Contributed by Dien Ho
Contributed by Dien Ho
Jay Parini describes Marie-Claude de Brunhoff, a main character in Edmund White’s memoir Inside a Pearl: My Years in Paris, as “a kind of fragile Virgil to White’s dewy-eyed Dante, leading him with gusto into the labyrinth of Parisian life.” –Jay Parini, The New York Times, February 7, 2014
“Something is gnawing at the nape of your skull: on the one hand, your favorite fall shows are coming back…”
“You want to watch Boardwalk Empire—what will happen to Nucky Thompson, or Richard Harrow? You want to catch up on The Walking Dead, but then you remember that synaptic pruning, and a frightening question about the difference between you and an actual zombie floats through your head.
“The convenience of hour-long shows is that they often air on Sunday night, when you have nothing to do. We have a compromise. Don’t spend an hour on the latest would-be cable sensation; instead, tune in for the first season of The Divine Comedy, the hot, new (relatively speaking) series by Dante. Every week, ideally on Sunday at 9 P.M., read one canto—often less than 140 lines!—of what may be the best poem ever written. Season 1 is called the Inferno—think of it as your new Home Box Office.” [. . .] –Alexander Aciman, The Paris Review, September 30th, 2013
“Imagine that van Gogh, after slicing off his ear, finds himself sucked down a passage into his own brain, which turns out to be the concentric onion of Dante’s Divine Comedy. Then capture that journey with three-dimensional digital imaging software and turn it, frame by computerized frame, into a five-minute animated movie. [. . .]
“She had her first breakthrough when she was taken on by the Jerome de Noirmont gallery in Paris in 2002. Since then, she has had a major sculpture and video projection work, ‘Paradise,’ installed in the Piazza della Signoria and the Palazzo Vecchio in Florence, in 2006 [. . .].
“Ms. Zhou’s solo show of video art, ink brush drawings and sculpture at Shanghai Contrasts, running to Dec. 9, is built around her most recent film, The Greatness, a variation on the theme of Dante’s Divine Comedy.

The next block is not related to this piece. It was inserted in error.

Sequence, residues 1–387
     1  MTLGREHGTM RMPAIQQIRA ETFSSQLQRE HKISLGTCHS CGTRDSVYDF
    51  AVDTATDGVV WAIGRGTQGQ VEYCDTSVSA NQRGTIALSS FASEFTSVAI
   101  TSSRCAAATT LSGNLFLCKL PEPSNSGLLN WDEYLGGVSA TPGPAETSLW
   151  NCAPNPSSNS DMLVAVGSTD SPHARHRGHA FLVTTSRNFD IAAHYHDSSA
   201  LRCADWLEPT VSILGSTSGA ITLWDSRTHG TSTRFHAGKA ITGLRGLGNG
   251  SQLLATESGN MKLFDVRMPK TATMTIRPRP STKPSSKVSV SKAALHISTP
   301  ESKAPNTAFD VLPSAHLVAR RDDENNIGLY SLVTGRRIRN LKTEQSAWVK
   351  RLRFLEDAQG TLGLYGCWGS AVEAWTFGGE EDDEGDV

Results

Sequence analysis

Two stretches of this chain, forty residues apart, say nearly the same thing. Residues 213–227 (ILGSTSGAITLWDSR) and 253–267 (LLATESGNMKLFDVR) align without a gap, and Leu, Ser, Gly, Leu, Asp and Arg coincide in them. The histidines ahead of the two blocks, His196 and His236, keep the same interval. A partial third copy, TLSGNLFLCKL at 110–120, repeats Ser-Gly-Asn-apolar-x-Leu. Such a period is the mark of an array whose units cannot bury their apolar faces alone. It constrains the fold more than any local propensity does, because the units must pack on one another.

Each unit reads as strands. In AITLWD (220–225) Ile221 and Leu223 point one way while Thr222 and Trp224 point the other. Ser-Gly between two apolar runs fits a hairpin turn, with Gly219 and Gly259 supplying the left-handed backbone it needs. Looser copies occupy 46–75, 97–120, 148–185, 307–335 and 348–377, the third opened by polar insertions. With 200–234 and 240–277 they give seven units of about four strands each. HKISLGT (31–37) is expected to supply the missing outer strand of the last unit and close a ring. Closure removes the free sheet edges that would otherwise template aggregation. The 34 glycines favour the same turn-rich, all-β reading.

“The film is a sequel to The Ear: both star Pharrell Williams, one in the flesh and the other as a sculpted vase, and both explore transience and death. In The Greatness, Mr. Williams’s look-alike vase, shattered by a bullet, disintegrates into a fractured universe while the bullet, like Dante guided by Virgil, travels through visions of hell and redemption accompanied by an other-worldly soundtrack composed by Mr. Morricone.” [. . .] –Claudia Barbieri, The New York Times, December 1, 2010
Read more about The Greatness, on Vice.
“The Thinker is one of the most recognizable sculptures in the world. It even has a role in the film Night at the Museum: Battle of the Smithsonian. Last week one of the Thinker sculptures by French master Auguste Rodin was sold at auction for more than 3 million euros ($4.2 million) in Paris at auctioneers Drouot. This Thinker, which is just 28.5 inches high, set a record for any of the Thinkers. This statue is part of a series of 21 sculptures made by Rodin. It was originally meant to be part of Rodin’s Gates of Hell inspired by Dante’s Divine Comedy. Rodin made a first small plaster version around 1880 and the first large scale bronze was presented to the public in 1904. This particular Thinker was purchased by Emile Chouanard in 1917, the same year it was cast. Another Rodin statue owned by Chouanard, ‘Little Eve’ also sold for a record price of over 2.4 million euros at the auction.” –Deidre Woollard, Luxist, June 22, 2009
Contributed by Patrick Molloy